We are a collective of South Asians in the U.S. invested in unpacking the legacy of 9/11 in our communities. We are committed to drawing connections between Islamophobia, caste-based oppression, privilege and complicity, xenophobia and profiling, and anti-Blackness in ourselves, our communities, and the imperial U.S.
We invite you to join us, and sign on to this statement below.
As white supremacist structures of hierarchy continue to conflate markers of race and religion, South Asians in the U.S. are often racialized as Muslim or seen as “terrorist threats.” As people often racialized as Muslim, whether we identify or not, we understand that our own profiling, criminalization, detention and deportation is intimately tied to the struggle for Black Lives Matter in this country.
Earlier this year, we watched in horror as Sureshbhai Patel, an Indian grandfather in Madison, Alabama, was paralyzed by a police officer for walking around his son’s neighborhood. He was mistaken for Black, recognized as a South Asian immigrant, and deemed disposable. Our communities face colonization in the U.S., living in a colonial police state that sometimes grants the wealthy amongst us privilege while brutally policing working-class brown bodies. Our communities face imperialism abroad, where Black and brown bodies are deemed “collateral damage,” from Palestine, to Pakistan, to Syria. Historically marginalized caste communities experience the majority of this violence, whether in the U.S., in South Asia, or elsewhere in the diaspora.
We understand that police terror, colonialism, and imperialism are all intricately connected to anti-Blackness. The U.S. was built on the ideology that Black bodies were less than human, disposable, and deserving of violence. The South Asian experience and Hindu fundamentalist imposition of caste has constructed similar power dynamics, that continue to reverberate through our communities in the United States and abroad. We must struggle with the fact that we have benefited off of and been complicit in this stolen labor and harm, not just in the past but also presently, within and outside of our own diaspora. We stand with the Black Lives Matter movement, knowing that Black power is inextricably tied to our own liberation as well.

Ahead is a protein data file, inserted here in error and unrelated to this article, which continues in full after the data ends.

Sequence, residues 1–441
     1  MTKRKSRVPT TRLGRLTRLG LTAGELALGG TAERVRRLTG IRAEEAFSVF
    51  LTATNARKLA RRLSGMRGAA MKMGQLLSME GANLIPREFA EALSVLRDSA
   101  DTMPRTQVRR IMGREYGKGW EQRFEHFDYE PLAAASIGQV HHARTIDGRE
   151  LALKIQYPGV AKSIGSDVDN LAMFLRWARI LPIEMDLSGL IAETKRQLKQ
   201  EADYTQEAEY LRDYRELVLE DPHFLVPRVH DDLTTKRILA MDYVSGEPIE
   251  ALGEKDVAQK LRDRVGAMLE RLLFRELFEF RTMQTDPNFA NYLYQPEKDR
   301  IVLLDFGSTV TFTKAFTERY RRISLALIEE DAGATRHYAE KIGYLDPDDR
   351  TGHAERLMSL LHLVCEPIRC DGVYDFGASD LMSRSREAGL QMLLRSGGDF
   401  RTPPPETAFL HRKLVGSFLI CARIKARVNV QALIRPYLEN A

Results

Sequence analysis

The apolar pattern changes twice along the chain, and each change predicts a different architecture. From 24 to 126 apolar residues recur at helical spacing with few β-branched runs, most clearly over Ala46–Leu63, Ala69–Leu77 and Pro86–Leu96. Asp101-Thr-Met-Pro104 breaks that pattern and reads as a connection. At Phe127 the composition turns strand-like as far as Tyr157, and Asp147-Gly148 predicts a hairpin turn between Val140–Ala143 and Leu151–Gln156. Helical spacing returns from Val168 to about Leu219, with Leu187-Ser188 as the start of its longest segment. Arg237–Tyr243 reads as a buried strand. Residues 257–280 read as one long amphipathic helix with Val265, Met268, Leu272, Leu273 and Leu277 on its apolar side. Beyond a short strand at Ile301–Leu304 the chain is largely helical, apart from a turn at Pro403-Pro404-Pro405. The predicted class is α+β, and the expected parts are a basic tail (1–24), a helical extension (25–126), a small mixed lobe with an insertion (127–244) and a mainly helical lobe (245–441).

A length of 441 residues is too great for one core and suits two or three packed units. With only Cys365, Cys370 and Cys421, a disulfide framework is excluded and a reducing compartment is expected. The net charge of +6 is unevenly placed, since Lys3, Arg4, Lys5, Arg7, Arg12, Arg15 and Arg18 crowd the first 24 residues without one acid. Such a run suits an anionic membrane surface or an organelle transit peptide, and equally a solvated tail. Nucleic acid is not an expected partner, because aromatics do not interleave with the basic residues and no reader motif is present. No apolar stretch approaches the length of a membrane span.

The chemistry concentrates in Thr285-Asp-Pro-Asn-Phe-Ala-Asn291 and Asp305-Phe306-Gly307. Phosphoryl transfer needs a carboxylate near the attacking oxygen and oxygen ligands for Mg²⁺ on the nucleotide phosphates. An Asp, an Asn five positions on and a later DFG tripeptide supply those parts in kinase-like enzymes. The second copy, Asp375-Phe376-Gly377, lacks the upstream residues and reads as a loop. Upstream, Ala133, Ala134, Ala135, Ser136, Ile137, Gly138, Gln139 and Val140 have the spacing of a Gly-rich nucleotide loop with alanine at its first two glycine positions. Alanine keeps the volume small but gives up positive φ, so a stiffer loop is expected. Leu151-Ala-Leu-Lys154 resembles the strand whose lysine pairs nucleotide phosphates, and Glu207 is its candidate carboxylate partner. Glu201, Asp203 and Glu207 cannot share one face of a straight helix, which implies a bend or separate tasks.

As South Asians committed to justice, we recognize that Muslims bear the brunt of pre- and post-9/11 Islamophobia, a system of state-sanctioned violence that targets Muslim communities at home and abroad. Muslim communities have been victims of state-sanctioned violence in the United States since the early African Muslims were kidnapped and brought as slaves into colonized lands, for the purposes of building America’s wealth and empire. Prior to 9/11, Muslim Americans were targeted and surveilled for participating in the Black Liberation Movement and the Palestinian Liberation movements through programs such as COINTELPRO. We also recognize that Black Muslims have experienced the brunt of state violence through Jim Crow, mass incarceration, police brutality, and structural anti-black racism.